Dalhousie University is using a $1 million gift from former students to create two dental suites designed for patients with physical and intellectual disabilities.
Dr. Theresa Chiang donated the money in memory of her late husband Dr. Wah Jun Tze. The couple met at Dalhousie as students.
Chiang has practised, taught, lectured and published widely on pediatric dentistry and child health. She and her husband Dr. Tze, who was a pediatric physician, co-founded the Canada China Health Foundation and the Global Child Health Society.
The university said in a news release Friday the Tze/Chiang Paediatric and Adult Special Needs Clinic will improve care for patients, reduce wait times for oral surgeries and enhance the training for students and residents of the Faculty of Dentistry.
“Through Dr. Chiang’s work as a pediatric and special needs dentist and the incredible efforts she and Dr. Tze took to improve the health of children and those with special needs, she knows how urgently clinics like these are needed everywhere,” Dr. Ben Davis, dean of the Dalhousie faculty of dentistry, said in the release.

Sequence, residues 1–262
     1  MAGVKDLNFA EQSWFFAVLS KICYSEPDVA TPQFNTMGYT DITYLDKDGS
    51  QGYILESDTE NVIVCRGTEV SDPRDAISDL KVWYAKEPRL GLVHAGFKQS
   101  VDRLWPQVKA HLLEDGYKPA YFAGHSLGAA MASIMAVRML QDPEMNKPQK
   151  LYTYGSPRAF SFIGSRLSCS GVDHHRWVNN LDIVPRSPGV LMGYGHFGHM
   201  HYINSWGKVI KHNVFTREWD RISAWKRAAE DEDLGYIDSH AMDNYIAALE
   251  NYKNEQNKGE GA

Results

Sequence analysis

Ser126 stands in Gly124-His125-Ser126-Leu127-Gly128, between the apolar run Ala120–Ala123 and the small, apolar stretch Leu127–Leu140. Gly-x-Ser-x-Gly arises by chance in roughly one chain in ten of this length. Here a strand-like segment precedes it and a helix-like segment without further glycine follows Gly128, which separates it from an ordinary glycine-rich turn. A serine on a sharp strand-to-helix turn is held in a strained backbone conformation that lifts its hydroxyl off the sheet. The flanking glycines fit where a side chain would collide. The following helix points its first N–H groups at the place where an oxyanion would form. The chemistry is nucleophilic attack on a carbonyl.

The $1 million will equip two dental surgical suites with specialized apparatus. Dalhousie says more than 1,000 Nova Scotians are waiting for oral health care in such a facility.
“Our patients and their families deal with the uncertainty of wait times for treatment and the extra burden of finding oral health care for their young adult children after we can no longer see them,” Dr. Evan Shaw said in the release.
Shaw is the director of Dalhousie’s pediatric dentistry general practice residency program and a pediatric dentist at the IWK Health Centre.
He says the new clinic will offer students an opportunity to treat and learn from patients with disabilities earlier in their career.
“When they graduate, our students will have the experience and confidence to bring these patients into their practices for routine and preventive care, ultimately reducing the need for more invasive care in the future.”
Dr. Chiang also helped create a similar dental program for children in Vancouver, where she currently lives. She says it takes collaboration between many partners to make these clinics a success.
“The optimal outcome of this program requires the coordination of pediatric dentistry, anesthesiology, hospital interdepartmental support, adequate facilities and equipment, as well as support from government and the provincial dental society,” she said.